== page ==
In spite of how much we put into work, few of us spend much time asking what we want from it. There seem to be a few key modes of employment. I’ve experienced all three, on some level, as well as the benefits and trade-offs of each.
We’ve all held a job at some point. The singularity of a job is rather beautiful: a straight-forward exchange of time for currency. In the ones I’ve worked, I’ve had little latitude, but that changed at day’s end, when I could turn work off and do as I pleased.
Some who work jobs start to ask questions. They wonder what it would be like to have more influence, or purpose, in their work. These people tend to move into careers. Their days are often longer, but in ways more enjoyable, as they become less constrained and more fully engaged. Career-minded people have a blurry division of work and life. (They also check their email obsessively and at inappropriate times.)
A third group seeks greater freedom, control, and involvement. Instead of working hard for someone else, they choose to do so for themselves and reap the associated rewards. What few of them initially realize, is that the cost of pursuing one’s own business/passion may be every evening, weekend, and holiday they used to take for granted.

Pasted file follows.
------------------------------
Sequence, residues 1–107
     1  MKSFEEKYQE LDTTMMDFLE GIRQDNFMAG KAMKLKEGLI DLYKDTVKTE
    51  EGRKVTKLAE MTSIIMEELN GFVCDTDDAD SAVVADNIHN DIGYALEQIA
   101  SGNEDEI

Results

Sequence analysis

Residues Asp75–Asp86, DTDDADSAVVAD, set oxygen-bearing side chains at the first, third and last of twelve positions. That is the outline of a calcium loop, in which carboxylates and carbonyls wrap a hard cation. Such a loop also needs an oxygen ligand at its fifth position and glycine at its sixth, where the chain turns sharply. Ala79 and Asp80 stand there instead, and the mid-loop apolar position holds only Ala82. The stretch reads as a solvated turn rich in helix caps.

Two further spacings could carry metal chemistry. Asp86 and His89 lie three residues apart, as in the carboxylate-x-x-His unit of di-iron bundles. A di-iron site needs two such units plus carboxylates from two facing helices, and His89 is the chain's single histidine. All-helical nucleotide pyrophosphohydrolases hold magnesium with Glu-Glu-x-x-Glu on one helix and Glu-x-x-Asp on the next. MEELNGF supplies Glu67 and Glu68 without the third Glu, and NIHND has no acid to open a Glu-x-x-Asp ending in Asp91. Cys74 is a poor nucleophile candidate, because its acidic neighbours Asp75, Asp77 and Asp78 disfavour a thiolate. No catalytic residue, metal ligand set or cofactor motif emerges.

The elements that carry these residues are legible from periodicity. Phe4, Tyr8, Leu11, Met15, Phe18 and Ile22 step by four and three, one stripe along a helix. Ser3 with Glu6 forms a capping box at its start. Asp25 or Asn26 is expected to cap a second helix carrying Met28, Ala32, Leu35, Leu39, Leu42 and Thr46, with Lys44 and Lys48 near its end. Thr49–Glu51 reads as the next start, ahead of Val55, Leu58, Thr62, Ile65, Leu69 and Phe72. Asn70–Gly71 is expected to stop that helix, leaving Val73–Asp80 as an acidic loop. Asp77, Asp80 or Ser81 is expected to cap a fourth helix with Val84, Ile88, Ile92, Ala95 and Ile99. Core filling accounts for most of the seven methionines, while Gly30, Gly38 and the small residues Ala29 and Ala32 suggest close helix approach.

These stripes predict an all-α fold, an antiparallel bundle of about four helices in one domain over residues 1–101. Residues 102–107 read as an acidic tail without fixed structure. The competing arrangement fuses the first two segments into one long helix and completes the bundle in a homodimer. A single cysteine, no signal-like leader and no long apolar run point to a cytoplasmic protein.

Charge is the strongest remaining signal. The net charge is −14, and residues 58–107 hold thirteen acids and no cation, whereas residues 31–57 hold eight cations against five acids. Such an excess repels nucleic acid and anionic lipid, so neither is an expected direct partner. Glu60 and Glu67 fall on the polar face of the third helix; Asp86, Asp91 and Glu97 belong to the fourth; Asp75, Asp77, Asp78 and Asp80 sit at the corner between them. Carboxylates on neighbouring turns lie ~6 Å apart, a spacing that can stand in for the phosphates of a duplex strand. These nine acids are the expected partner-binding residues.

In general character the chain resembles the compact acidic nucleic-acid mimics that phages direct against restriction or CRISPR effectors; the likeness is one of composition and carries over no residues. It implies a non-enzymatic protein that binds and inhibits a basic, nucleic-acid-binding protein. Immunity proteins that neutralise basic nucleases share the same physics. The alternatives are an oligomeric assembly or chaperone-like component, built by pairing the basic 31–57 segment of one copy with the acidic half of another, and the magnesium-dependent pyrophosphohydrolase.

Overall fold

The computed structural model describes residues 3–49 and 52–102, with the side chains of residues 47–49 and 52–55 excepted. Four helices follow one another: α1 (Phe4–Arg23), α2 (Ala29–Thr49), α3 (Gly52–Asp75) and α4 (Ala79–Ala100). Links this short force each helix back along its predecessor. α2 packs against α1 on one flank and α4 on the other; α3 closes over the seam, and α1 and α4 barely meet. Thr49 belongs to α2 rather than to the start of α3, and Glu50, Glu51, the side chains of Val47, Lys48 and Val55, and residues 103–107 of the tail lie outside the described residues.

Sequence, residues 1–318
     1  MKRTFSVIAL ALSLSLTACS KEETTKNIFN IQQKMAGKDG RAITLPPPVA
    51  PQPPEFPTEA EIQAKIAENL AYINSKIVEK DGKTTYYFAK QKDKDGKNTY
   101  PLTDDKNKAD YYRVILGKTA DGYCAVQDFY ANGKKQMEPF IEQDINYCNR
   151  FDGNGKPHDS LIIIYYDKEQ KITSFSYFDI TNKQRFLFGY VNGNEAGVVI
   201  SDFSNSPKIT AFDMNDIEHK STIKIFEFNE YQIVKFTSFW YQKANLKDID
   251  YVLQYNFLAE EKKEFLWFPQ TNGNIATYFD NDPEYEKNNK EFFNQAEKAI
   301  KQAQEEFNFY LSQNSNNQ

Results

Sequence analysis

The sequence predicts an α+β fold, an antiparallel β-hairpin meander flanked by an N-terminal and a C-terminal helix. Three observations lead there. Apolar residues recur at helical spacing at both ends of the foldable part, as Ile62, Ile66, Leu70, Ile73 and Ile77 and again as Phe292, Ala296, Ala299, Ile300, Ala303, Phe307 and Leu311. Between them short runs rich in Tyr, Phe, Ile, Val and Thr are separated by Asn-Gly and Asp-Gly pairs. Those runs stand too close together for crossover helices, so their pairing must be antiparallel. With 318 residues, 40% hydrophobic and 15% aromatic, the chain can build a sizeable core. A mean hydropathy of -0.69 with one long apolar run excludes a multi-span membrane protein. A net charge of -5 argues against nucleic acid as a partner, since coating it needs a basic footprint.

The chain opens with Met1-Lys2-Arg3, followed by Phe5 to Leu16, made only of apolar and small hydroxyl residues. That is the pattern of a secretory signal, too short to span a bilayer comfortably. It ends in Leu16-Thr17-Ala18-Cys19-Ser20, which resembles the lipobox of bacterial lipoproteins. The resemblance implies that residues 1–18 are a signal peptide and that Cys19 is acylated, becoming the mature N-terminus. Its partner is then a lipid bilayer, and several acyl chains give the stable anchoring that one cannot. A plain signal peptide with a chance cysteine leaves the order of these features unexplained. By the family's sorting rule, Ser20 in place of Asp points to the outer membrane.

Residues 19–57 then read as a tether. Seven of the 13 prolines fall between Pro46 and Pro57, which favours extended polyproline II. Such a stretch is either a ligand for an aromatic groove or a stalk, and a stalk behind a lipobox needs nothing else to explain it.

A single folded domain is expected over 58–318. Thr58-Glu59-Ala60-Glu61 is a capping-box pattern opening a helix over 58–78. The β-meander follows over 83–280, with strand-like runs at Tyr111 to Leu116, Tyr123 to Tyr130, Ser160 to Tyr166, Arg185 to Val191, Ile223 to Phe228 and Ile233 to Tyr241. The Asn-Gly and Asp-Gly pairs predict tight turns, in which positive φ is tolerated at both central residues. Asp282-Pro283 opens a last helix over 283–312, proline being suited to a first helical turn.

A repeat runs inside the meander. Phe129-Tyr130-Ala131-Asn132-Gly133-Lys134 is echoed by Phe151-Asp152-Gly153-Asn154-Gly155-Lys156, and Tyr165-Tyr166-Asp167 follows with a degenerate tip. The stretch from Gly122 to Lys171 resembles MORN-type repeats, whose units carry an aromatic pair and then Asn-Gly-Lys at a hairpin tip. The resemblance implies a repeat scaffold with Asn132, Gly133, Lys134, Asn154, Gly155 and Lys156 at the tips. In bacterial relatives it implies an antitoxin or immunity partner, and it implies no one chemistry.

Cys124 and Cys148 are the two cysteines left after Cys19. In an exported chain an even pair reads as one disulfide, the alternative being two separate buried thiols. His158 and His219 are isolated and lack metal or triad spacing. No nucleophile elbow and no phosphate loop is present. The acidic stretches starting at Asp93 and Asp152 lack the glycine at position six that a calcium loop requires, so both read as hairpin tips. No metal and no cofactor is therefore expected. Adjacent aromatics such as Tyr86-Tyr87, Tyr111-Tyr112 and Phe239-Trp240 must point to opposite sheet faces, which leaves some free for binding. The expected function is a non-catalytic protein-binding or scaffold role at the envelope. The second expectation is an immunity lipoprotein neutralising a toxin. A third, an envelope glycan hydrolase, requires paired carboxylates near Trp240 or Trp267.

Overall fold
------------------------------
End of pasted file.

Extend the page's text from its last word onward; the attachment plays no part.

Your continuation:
I’ve noticed that there’s also a fourth state that a very small group of people arrive at. It involves realizing that the whole thing is a kind of hamster wheel, and that although the busy-making can be gratifying, it doesn’t—in the grand scheme of things—lead to all that much.
This state-of-mind leaves things less defined, mostly because there aren’t that many role models to follow. Out of all my friends, I know only one who has sold his stuff and uprooted his family, choosing to live in the tropics rather than a suburban wasteland.
By asking some bigger questions, one might find options more plentiful and diverse than previously imagined. They can live differently, indulge passions, travel and explore, or drop out entirely.
Every once in a while, you meet someone who’s grappling with these points, and their excitement is palpable. Sadly, few stay in this state for very long. Considering these questions is a sufficient challenge; acting upon their findings requires even more bravery and resolve. Meanwhile, the allure of being one-of-many is difficult to resist. This leaves an awfully long line of humans waiting to take their turn at the hamster wheel.
Life is very short if you spend it continually pressing fast-forward, scrambling from conference-calls to board meetings to soccer practice. I ask whether we owe it to ourselves to more carefully consider all that might be out there for us to see, experience, and share.